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Users of free parental control software from OpenDNS, as well as paid clients, will be pleased to know that OpenDNS have just had the service greatly improved. Their custom domain filtering is now more in-sync with consumer needs and can be updated within a simple control panel.

OpenDNS recently updated their domain tagging system and content categorization, offering several improvements and two new categories you can enable immediately to protect your family. For instance, you can now filter out “Anime/Manga/Webcomic” or “Click/Survey/Pharmaceutical Web Spam”. They believe they’re the first company to offer a filter for web spam, however they acknowledge that it’s going to be difficult to filter out something with such a large presence.

To enable filtering of the new categories, just go to your OpenDNS dashboard. While viewing the filtering levels, click on “Custom” and choose the filters you require.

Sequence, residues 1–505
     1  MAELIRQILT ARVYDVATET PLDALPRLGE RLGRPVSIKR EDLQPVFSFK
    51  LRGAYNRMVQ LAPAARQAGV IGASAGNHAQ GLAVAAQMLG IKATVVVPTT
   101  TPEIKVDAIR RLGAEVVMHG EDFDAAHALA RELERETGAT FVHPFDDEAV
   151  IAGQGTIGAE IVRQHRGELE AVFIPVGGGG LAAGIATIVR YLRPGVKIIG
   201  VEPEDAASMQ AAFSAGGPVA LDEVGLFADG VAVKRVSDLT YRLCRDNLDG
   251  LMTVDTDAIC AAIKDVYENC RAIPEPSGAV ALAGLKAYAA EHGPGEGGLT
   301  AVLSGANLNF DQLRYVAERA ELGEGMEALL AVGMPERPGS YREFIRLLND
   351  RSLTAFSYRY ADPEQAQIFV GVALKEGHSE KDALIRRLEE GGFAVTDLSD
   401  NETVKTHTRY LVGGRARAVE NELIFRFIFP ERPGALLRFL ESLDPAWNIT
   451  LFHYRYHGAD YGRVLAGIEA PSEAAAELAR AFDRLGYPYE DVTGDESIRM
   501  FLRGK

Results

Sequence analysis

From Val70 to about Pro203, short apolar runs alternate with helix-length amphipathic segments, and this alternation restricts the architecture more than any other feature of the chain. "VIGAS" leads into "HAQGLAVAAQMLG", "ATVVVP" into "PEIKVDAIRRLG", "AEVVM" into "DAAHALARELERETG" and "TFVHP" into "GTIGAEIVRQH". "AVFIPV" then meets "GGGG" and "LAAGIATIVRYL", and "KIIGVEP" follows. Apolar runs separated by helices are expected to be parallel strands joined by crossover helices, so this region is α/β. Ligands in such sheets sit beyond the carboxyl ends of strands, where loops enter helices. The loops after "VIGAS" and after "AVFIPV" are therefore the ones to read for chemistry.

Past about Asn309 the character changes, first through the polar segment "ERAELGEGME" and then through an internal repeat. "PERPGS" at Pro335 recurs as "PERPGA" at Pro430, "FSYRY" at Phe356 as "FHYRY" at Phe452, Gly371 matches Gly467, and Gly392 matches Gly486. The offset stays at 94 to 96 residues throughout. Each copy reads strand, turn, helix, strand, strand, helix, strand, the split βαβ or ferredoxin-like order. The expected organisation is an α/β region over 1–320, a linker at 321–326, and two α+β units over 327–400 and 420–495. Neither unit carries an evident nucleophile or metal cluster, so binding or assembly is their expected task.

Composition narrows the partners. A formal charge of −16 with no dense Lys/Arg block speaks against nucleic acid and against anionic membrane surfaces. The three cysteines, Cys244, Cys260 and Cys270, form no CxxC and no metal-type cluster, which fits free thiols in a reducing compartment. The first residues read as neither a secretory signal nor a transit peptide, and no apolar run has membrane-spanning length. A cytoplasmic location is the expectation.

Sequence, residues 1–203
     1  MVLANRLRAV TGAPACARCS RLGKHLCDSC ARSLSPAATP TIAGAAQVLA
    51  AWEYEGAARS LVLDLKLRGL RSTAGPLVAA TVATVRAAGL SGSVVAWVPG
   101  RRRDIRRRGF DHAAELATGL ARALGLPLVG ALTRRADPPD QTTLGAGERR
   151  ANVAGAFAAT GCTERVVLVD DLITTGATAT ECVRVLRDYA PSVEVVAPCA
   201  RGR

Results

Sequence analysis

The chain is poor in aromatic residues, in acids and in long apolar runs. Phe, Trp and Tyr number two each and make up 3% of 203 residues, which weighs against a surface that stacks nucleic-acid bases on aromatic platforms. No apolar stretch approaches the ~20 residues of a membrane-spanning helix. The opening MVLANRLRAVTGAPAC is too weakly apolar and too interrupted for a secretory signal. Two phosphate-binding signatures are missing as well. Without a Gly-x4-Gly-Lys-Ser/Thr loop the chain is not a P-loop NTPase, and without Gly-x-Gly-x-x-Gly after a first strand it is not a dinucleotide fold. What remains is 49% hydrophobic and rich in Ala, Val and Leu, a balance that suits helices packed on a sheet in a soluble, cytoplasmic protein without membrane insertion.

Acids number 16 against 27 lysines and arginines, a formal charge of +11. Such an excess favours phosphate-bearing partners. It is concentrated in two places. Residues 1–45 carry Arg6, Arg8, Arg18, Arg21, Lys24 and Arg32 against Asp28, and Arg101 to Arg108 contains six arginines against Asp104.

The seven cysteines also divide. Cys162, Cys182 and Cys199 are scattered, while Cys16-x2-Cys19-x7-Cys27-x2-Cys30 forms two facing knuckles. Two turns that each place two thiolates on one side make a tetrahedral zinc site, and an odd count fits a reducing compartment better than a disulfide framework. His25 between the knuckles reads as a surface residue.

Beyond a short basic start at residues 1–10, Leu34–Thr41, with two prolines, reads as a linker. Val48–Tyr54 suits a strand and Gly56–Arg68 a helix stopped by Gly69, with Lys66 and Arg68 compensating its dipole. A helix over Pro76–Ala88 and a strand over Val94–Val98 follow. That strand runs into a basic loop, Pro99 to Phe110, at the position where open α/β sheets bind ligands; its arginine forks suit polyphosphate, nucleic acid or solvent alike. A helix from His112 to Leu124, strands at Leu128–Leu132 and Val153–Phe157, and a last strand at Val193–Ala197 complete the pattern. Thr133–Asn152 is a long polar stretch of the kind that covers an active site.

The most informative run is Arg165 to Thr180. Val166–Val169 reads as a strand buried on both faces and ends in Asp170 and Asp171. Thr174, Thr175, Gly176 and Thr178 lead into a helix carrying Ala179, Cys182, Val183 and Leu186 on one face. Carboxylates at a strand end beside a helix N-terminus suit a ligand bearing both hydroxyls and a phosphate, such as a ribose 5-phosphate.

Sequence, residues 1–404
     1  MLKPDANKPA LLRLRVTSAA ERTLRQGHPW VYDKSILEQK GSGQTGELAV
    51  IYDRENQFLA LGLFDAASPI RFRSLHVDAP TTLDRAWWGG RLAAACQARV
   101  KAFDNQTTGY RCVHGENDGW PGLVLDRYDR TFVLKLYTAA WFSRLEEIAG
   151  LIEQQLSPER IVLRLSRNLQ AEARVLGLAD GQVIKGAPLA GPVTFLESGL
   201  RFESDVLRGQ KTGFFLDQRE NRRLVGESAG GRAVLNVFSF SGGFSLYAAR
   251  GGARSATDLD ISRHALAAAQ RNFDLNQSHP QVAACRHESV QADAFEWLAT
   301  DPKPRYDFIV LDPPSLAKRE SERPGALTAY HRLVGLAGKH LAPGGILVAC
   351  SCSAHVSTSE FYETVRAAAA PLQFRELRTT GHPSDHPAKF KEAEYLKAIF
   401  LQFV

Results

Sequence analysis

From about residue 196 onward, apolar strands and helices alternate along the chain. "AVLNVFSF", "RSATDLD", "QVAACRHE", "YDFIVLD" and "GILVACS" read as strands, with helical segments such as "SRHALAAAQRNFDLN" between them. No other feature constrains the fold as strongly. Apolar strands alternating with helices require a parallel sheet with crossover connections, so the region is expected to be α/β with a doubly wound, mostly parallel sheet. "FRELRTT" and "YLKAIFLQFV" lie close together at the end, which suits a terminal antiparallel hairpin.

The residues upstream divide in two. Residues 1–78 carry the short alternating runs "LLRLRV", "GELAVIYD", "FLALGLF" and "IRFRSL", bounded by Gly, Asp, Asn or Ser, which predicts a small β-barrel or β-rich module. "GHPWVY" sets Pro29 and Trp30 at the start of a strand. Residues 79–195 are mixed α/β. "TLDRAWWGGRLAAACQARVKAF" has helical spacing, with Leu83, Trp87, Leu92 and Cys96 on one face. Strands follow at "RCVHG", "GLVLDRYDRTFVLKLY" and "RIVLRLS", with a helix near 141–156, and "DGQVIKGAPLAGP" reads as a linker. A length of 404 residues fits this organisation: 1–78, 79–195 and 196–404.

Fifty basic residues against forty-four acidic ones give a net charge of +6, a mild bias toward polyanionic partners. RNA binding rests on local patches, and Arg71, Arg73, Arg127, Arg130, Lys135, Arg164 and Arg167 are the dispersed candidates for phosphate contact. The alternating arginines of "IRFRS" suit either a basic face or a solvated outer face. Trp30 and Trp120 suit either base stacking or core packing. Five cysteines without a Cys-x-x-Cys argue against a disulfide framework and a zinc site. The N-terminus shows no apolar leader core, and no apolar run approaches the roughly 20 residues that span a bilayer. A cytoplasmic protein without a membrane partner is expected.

Other domain categorisation has also been improved on OpenDNS. For example, Health and Fitness now includes fitness-related sites as well as health information, while the Sports category now includes martial arts.

Note that 1 in 3 schools in the US use OpenDNS for content filtering. This means a great number of US children will be better protected because of this update.

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Source: OpenDNS

  1. Charlie Player
    July 28, 2012 at 9:19 pm

    sounds like..american school security is nt that good..easy 2 hack

    • Angela Alcorn
      July 29, 2012 at 2:30 pm

      It might not be so easy for little kids. :)

  2. bgg
    July 25, 2012 at 10:55 pm

    I can not recommend OpenDNS because they insist on giving the message "The site is not responding" when in fact they mean the site could not be located using DNS, a much different error.

    I have pointed this out to them several times and they refuse to fix it.

    • Angela Alcorn
      July 28, 2012 at 5:17 am

      That's a little odd. Thanks for pointing it out.

  3. Charlie Player
    July 25, 2012 at 9:16 pm

    well there.. i read somewhere a mother stole school paswword to
    change his son grades in US.. so how good is their security system.?/

    • Angela Alcorn
      July 28, 2012 at 5:17 am

      I read that one too. She was an administrator and had the principal's password. :)

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